Liberty, Ill., farmer Brett Mathews says he’s nearly done putting fence back around his family’s 200-acre farm. He’s losing acreage as he pushes the fence posts behind the right of way for the state highway he lives on, Route 104. He says it’s worth it, though.
Mathews is going to rent his cropland to livestock producers to provide a natural source of nutrition to crops. That’s why he reinvested in the fence his grandfather removed 20 years ago at about $2 per foot, not counting his labor.
The regenerative farmer uses cover crops, then mows and disks the plants ahead of corn or soybeans. Since he started farming three years ago, he doesn’t use chemical fertilizer or herbicide, but he does apply manure, and he says he’s open to using Liberty on his soybeans in 2021. Mathews thinks of livestock as a key ingredient for priming soil health on operations like his that use minimal chemical inputs.
“What we’re trying to do is get more livestock out here,” he says, noting he grazes 20 sheep on paddocks that he rotates every three to four days, following them up with hogs and then pastured laying hens. He uses electric fence for the small and intensively grazed paddocks. “The sheep don’t eat the grasses. Cattle will, but I can’t afford to buy that many cattle.”
Enter the Midwest Grazing Exchange. Mathews was the first Illinoisian to open his cropland up for custom grazing on the free Midwest Grazing Exchange website when it went live in October. He’s found a livestock producer in Indiana who may take him up on his offer to graze cow-calf pairs at 75 cents a day over the winter, with rates increasing to $1.25 by early spring.
Illinois has just two listings on the exchange site, which is styled after state-based exchanges such as South Dakota’s and includes template contracts for farmers to modify. Users have the option to list crop residue, cover crops or pasture for grazing. Likewise, livestock producers can list their herd, how far they’re willing to travel and when they need forage.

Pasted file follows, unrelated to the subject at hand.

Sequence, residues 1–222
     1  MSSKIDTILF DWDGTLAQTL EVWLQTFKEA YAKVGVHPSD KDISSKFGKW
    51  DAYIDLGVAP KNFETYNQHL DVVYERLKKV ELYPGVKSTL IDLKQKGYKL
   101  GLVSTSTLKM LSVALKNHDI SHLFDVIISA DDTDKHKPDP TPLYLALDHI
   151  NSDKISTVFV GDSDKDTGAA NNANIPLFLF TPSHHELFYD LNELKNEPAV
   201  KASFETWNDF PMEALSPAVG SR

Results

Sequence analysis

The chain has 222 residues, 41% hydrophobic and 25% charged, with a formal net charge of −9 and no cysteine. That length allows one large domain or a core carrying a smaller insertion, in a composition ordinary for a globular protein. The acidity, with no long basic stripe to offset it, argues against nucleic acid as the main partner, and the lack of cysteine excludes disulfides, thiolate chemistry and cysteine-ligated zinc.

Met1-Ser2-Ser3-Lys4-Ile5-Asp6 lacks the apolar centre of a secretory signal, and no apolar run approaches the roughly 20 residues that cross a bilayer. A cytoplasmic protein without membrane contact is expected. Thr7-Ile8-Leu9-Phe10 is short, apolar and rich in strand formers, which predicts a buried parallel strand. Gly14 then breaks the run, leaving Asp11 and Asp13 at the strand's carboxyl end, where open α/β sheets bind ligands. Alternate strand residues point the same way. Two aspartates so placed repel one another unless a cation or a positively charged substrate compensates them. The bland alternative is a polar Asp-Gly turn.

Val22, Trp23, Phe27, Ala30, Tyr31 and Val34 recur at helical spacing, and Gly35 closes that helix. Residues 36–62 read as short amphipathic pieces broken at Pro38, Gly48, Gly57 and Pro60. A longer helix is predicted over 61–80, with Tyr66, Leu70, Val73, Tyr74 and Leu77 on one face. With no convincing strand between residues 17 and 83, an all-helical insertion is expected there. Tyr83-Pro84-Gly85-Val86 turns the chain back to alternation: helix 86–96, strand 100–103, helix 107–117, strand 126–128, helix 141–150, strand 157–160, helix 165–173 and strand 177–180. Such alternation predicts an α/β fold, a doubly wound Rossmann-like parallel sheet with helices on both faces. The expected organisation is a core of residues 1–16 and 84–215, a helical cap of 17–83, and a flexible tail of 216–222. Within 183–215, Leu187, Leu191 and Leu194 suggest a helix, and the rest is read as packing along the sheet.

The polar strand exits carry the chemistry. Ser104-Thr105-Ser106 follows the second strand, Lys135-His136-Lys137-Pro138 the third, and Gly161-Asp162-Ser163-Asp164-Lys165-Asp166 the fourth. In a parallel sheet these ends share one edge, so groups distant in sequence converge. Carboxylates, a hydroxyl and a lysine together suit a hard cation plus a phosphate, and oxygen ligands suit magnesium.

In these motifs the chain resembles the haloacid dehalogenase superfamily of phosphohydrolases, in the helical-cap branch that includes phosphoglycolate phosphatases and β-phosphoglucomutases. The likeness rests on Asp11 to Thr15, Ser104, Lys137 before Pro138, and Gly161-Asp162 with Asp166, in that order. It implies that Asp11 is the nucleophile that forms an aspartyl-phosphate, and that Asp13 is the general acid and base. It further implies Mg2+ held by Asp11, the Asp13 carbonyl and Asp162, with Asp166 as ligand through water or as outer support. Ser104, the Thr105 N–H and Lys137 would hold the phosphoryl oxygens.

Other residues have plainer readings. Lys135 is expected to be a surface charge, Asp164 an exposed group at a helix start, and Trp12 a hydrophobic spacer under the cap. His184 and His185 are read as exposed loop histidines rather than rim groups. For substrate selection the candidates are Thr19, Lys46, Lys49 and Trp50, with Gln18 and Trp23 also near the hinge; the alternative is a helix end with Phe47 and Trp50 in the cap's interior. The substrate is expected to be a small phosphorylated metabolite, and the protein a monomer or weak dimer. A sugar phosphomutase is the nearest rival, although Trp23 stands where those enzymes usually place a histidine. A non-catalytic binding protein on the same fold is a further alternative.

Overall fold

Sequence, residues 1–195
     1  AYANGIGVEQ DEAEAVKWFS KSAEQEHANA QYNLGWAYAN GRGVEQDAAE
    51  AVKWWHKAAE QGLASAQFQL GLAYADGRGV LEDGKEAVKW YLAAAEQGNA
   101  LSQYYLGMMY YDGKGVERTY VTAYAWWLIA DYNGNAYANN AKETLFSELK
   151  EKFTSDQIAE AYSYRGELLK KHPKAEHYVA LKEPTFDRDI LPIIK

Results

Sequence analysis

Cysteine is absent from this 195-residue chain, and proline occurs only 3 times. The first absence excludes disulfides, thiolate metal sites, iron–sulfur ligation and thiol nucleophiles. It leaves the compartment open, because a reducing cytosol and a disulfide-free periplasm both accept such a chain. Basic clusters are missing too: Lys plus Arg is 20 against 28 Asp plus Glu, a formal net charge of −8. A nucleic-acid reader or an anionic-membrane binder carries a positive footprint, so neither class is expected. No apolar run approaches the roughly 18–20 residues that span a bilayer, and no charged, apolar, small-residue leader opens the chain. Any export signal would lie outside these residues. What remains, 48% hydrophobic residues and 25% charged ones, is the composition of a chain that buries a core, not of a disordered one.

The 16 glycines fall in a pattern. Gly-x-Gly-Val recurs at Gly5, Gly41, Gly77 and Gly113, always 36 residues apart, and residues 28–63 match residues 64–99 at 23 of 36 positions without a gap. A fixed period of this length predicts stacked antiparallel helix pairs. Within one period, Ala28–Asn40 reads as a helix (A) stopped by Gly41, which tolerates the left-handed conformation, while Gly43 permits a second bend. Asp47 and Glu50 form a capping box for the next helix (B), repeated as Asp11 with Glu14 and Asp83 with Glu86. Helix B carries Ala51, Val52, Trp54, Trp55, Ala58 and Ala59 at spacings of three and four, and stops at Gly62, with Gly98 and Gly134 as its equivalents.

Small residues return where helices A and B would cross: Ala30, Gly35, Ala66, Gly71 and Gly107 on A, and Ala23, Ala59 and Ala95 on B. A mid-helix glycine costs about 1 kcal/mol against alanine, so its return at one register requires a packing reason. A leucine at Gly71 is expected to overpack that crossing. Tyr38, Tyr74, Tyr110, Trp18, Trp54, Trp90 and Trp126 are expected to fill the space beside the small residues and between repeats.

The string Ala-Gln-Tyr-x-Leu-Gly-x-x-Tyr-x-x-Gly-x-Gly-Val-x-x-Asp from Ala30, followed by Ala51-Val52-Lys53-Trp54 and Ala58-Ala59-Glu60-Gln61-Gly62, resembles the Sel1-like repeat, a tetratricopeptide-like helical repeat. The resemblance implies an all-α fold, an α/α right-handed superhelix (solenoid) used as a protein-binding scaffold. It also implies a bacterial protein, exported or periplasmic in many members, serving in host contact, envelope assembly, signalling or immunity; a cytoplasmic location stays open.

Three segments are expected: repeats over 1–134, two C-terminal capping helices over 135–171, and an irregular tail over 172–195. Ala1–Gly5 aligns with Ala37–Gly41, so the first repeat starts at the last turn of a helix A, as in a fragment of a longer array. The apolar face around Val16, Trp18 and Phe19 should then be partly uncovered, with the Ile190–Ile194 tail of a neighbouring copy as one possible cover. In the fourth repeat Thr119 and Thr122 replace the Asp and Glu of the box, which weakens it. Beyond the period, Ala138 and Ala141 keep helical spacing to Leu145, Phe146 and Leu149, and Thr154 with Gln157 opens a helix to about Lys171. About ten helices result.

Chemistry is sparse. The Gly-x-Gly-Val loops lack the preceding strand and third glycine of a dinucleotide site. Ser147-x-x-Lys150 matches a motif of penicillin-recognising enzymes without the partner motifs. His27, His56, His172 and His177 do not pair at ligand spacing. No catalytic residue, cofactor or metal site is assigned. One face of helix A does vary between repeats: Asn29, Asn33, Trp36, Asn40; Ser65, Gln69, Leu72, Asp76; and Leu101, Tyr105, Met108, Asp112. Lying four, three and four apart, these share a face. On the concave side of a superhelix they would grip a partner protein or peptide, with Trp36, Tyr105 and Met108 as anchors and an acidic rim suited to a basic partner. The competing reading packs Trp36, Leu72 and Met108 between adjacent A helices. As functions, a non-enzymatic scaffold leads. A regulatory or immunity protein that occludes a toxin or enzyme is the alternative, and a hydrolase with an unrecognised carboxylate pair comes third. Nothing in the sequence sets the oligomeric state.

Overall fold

It’s more common for livestock producers to oversee daily grazing, water and supplemental hay, paying a price per head back to the landowner. With Mathews, he’s offering to take care of those tasks on his own.
“My hope is that I’ll find a livestock producer who will take a chance on me,” Mathews says.
Meghan Filbert, co-founder of the exchange, says the service focuses on the upper Midwest region, covering Illinois, Indiana, Iowa, Minnesota, Missouri and Wisconsin. She notes farmers modify contracts to suit their situation, which varies based on water availability, location, fencing and more.
“I have a row crop farmer who’s planting cover crops and a grazier who lives nearby that wants to graze those cover crops for fall and winter forage. They split the cost of planting cover crops this year 50-50,” Filbert says. She adds that cereal rye acres are in high demand in early spring, while summer annuals planted after wheat are in high demand in August and September.
While Filbert says liability for loose animals is usually on the owner of the livestock, the owner of the grazed land will need to ensure existing fence is adequate. If it’s not, electric fence is an option. Both the livestock owner and the landowner should have liability insurance before entering into an agreement, according to the exchange’s guidelines.
“That’s the best way to go,” Mathews says. “It’s best to keep it simple and both of us have liability policies, because there’s potential for a big mess otherwise.”
High-tensile electric fence doesn’t exactly meet 150-year-old fence law requirements, but no one’s enforcing those requirements either. A mile of high-tensile fence can run more than $10,000, just in materials.
But farmers who raise both crops and livestock profit an average $77 per acre when grazing cover crops because of cost savings on winter feed, Filbert says.
“So many farmers we know aren’t planting cover crops, because they can’t earn a revenue from grazing them, because there’s no fence,” Filbert says. “Without livestock and fence, they can’t get cover crops to pay.”
She’d like to see USDA expand federal cost-share assistance for fences on waterways to croplands.
“We’ve been told no because it would eat so much money out of the entire cost-share system. But I truly believe if we had more nice fences, we could have more livestock integration on the land,” Filbert says.
The rotational grazing Mathews uses allows him to minimize compaction and overgrazing. This, in turn, maximizes carbon storage, which he can then test for, potentially earning income from growing carbon credit markets.